Zara Aleena's killer was to be recalled to prison days before murder

The six days that cost Zara Aleena her life: Probation blunders revealed that left ‘ticking timebomb’ sex predator free on the streets to hunt and kill law graduate when he should have already been locked up in a cell

  • Zara Aleena’s murderer was described as a ‘ticking timebomb’ 
  • He was left free to kill  Zara due to a catalogue of blunders by probation staff

A sexual predator described as a ‘ticking timebomb’ was left free to kill a law graduate due to a catalogue of blunders by probation staff.

Zara Aleena, 35, was walking home from a night out with friends when Jordan McSweeney leapt out of the darkness and murdered her in a frenzy of violence.

The 29-year-old thug, who had a criminal history dating back to the age of 12, had been released on licence from prison only nine days earlier.

Now in a shocking report, Chief Inspector of Probation Justin Russell has said McSweeney should have been recalled to prison six days before the attack and could have been back in his cell by the time of the murder if staff had followed procedures.

Zara Aleena (above), 35, was walking home from a night out with friends when Jordan McSweeney leapt out of the darkness and murdered her in a frenzy of violence

29-year-old thug Jordan McSweeney had a criminal history dating back to the age of 12 and had been released on licence from prison only nine days earlier

But due to a litany of errors and missed opportunities by probation staff, he was out on the streets hunting for a victim on June 26 last year.

Yesterday prisons and probation minister Damian Hinds apologised to Miss Aleena’s family ‘for the unacceptable failings in this case’.

The report comes a week after the watchdog highlighted failings by probation officers in the case of Damien Bendall before he murdered three children and his pregnant partner.

Mr Russell said yesterday: ‘It’s a core function of the Probation Service to protect the public… and they’re not getting it right. It’s impossible to say the public is being properly protected from the risks that people on probation pose.’

In the case of McSweeney, the thug had a history of bullying and beating up women, with one ex-girlfriend who suffered years of violence describing him as ‘a ticking timebomb’. From the age of 12 he racked up 28 convictions for 69 offences including burglary, possession of a knife and assaulting police officers and members of the public while on bail.

McSweeney also had a history of threatening to stab prison inmates and staff, making weapons and taking drugs in jail, yet warnings in 15 prison logs went unheeded.

Metropolitan Police still image taken from body worn camera footage of Jordan McSweeney being arrested at 15.45 on 27 June, roughly 36 hours after the attack on Zara

A 2016 report said McSweeney admitted he was consumed by rage and ‘does not know how to control it… [and] he feels it is very likely that he will offend in the future’.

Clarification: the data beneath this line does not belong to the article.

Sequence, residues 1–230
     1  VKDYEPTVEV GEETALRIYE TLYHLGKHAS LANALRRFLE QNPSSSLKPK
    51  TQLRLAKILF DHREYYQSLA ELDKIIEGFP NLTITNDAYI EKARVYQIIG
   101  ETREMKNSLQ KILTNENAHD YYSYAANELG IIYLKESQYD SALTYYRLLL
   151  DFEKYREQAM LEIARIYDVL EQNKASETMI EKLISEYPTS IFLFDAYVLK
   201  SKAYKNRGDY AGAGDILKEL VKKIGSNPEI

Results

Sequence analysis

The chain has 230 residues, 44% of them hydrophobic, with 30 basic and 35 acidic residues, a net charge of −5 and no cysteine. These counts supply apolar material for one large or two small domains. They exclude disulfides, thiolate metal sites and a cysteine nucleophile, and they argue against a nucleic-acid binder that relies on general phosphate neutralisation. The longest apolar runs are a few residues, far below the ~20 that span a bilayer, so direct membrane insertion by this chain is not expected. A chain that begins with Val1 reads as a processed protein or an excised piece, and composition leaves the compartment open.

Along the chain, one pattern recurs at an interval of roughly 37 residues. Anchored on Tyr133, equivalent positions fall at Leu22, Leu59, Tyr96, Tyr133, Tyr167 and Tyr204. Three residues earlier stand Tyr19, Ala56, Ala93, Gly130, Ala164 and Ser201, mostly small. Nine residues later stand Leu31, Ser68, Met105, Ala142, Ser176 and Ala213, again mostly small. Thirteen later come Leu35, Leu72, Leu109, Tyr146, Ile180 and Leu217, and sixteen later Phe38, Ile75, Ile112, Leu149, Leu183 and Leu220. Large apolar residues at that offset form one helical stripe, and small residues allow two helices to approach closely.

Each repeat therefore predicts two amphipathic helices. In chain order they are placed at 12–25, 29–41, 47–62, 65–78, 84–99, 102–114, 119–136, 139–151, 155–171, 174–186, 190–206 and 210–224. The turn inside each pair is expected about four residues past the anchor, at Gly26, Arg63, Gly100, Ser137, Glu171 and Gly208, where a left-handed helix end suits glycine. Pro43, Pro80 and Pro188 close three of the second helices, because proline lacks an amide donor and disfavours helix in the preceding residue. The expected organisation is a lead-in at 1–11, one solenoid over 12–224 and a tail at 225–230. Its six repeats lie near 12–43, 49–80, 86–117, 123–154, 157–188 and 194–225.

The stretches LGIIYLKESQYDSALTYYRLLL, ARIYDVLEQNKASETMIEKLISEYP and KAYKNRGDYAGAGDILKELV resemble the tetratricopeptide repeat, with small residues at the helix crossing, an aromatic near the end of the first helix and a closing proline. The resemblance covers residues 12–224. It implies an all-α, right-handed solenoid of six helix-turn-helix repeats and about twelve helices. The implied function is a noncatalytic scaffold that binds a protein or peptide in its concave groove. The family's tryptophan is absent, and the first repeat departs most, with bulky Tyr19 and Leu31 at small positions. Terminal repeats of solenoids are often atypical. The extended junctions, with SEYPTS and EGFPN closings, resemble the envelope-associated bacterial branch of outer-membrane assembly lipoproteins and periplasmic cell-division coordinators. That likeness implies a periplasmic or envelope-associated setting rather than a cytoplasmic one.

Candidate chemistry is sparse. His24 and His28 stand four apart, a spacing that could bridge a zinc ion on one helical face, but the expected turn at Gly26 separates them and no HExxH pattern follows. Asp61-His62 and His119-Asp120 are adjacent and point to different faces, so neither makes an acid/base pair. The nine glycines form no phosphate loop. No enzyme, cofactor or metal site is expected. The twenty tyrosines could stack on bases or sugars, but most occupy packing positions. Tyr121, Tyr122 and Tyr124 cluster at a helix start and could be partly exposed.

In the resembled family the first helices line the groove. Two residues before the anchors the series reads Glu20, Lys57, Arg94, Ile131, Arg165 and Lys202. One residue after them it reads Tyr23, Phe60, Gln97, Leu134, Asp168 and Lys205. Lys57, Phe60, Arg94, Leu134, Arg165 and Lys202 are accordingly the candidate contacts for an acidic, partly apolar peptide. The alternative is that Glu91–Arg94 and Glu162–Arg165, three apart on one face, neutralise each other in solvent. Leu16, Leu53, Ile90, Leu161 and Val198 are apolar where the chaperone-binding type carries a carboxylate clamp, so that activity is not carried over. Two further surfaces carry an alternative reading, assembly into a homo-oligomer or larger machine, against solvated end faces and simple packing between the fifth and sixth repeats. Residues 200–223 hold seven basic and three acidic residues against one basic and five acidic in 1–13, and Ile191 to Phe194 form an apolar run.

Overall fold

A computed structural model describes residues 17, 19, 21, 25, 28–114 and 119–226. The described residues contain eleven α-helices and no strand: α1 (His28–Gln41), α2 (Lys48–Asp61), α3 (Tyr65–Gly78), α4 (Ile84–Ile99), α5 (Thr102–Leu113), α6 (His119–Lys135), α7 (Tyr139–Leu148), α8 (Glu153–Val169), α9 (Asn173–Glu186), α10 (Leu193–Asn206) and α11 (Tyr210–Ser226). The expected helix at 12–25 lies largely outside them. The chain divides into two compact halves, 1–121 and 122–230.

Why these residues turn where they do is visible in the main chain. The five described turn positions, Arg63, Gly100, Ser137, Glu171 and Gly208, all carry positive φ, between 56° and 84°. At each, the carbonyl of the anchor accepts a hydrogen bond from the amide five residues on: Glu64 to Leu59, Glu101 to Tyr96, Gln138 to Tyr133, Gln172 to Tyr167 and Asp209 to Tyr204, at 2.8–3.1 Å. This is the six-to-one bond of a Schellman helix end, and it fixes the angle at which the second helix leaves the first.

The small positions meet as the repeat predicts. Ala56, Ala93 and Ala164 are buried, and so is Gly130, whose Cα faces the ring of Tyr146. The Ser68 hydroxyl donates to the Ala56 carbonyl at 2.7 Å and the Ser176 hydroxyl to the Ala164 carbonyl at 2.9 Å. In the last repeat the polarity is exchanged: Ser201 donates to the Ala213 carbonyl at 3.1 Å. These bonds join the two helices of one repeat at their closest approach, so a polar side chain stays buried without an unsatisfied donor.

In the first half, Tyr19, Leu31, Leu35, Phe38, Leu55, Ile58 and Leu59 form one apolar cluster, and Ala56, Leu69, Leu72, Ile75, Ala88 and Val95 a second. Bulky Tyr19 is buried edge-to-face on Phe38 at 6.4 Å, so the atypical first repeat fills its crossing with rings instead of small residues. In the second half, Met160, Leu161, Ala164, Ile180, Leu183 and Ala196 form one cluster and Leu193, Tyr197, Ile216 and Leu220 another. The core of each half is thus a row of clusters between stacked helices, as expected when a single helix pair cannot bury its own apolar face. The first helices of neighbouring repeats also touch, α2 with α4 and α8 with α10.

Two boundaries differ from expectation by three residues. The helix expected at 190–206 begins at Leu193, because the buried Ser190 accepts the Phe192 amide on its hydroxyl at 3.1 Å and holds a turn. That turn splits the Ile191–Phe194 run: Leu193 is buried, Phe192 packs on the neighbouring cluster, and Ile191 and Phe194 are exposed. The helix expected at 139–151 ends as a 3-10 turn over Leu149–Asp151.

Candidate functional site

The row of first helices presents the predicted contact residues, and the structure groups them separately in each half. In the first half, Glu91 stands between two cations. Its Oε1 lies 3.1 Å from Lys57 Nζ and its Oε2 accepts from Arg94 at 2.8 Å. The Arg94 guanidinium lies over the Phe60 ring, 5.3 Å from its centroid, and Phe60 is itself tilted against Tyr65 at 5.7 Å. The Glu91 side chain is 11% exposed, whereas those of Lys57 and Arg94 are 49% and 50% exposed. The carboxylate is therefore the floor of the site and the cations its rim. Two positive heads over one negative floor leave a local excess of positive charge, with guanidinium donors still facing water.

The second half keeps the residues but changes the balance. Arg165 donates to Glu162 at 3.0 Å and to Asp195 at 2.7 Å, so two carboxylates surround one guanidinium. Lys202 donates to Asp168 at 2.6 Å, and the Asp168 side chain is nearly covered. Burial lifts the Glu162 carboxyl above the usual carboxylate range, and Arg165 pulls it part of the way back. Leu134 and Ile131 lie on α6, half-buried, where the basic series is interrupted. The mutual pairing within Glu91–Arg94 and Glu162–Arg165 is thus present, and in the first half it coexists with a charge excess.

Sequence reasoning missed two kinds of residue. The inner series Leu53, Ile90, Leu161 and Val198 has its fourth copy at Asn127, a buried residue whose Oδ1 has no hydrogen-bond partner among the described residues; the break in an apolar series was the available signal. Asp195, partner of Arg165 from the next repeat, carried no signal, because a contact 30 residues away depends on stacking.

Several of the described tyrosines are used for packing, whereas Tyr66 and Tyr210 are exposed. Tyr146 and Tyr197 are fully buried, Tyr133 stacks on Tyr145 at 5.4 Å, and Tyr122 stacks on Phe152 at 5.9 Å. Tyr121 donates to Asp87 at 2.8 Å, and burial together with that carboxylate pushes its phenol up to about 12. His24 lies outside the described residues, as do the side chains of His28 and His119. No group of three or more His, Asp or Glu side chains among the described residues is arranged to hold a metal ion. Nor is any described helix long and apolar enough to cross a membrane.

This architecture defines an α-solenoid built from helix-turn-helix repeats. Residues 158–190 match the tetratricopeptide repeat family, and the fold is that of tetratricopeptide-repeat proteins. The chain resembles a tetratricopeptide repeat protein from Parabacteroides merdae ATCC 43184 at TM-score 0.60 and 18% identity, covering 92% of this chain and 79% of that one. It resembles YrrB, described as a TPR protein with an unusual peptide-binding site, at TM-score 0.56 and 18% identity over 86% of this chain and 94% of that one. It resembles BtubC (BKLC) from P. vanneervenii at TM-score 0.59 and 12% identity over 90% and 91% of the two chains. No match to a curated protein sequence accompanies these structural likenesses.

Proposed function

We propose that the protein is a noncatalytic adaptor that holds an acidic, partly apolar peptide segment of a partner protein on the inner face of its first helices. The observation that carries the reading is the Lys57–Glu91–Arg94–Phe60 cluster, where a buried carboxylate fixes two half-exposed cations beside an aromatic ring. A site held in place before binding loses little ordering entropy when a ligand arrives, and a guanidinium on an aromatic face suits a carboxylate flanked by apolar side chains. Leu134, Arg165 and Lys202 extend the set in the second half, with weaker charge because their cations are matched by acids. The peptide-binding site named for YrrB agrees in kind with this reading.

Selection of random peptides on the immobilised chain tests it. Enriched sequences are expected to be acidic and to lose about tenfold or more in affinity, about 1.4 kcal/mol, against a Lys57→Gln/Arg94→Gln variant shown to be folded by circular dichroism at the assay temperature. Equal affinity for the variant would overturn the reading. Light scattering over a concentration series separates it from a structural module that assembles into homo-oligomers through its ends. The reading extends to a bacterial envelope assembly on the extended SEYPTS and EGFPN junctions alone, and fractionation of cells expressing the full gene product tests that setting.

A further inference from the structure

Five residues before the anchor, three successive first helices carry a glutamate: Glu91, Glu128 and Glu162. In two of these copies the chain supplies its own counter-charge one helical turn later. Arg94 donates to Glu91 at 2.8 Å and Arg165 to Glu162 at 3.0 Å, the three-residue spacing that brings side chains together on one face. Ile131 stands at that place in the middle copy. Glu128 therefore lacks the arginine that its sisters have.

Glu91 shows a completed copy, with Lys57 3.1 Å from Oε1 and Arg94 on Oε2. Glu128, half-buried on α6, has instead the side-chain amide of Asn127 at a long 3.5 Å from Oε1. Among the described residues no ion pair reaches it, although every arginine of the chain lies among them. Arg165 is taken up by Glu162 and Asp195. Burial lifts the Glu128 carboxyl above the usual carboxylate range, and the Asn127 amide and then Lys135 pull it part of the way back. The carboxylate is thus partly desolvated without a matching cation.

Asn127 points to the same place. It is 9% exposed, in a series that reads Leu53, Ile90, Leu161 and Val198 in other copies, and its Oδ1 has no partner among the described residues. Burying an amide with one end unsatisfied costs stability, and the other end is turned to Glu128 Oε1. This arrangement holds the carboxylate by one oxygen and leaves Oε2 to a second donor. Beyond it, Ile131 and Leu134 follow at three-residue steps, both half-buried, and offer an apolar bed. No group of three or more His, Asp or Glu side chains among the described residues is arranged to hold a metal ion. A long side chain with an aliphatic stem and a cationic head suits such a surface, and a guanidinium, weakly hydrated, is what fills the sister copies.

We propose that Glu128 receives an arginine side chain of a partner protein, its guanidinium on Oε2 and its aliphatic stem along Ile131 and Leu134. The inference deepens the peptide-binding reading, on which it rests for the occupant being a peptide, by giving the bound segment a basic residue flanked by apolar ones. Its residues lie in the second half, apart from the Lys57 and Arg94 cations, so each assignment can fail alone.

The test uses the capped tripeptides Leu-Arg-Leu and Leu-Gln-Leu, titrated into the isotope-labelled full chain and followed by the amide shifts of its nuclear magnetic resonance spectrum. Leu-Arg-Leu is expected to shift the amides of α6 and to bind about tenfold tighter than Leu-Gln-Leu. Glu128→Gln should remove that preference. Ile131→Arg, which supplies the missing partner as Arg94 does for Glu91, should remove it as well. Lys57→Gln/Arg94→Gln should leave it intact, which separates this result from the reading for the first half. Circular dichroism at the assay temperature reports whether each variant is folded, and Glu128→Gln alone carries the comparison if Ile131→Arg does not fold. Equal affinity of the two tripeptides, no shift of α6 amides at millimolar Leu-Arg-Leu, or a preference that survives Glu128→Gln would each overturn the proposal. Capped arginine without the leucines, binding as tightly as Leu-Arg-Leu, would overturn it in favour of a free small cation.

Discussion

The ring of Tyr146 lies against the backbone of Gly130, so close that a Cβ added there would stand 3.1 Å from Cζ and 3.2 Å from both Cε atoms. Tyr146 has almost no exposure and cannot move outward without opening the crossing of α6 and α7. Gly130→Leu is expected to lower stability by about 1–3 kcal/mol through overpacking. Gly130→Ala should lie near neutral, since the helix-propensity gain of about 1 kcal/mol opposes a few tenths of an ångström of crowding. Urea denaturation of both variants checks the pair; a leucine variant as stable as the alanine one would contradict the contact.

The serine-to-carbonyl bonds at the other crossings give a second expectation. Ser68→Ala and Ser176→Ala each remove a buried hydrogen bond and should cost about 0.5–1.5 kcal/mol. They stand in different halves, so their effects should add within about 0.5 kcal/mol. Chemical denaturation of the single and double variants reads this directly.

Yet probation officers failed to consider him a high-risk offender and he was released from his latest prison sentence with no known address or GPS tag, despite him failing to show up for appointments including on the day of his release.

Staff should have recalled him to prison on June 20, but they waited until he had missed three appointments. There was then a delay in signing the paperwork until June 24, with his whereabouts unknown.

Less than 48 hours later McSweeney was on the prowl, following at least five other women before targeting Miss Aleena as she walked home.

He dragged her into a driveway in Ilford, east London, to sexually assault her before fleeing with her handbag, mobile phone and keys at 2.44am, leaving her fatally injured. She died hours later in hospital.

McSweeney was sentenced to life in prison with a minimum term of 38 years for her murder.

Mr Russell said he should have been considered a high risk and ‘if he had, more urgent action would have been taken to recall him to prison. The Probation Service failed to do so, and he was free to commit this most heinous crime’.

Despite the errors in the case, only one member of staff faced disciplinary action. The report blamed ‘unmanageable workloads made worse by high staff vacancy rates’.

Andrea Simon, of the End Violence Against Women Coalition, said Probation Service failings were ‘yet another way in which the criminal justice system is catastrophically failing to protect women and girls’.

Claire Waxman, London’s victims’ commissioner, said the report ‘paints a clear picture of a disjointed system that is struggling to properly assess risks and protect the public’.

Mr Hinds said ‘immediate steps’ were being taken including ‘mandatory training to improve risk assessments [and] implementing new processes to guarantee the swift recall of offenders’.

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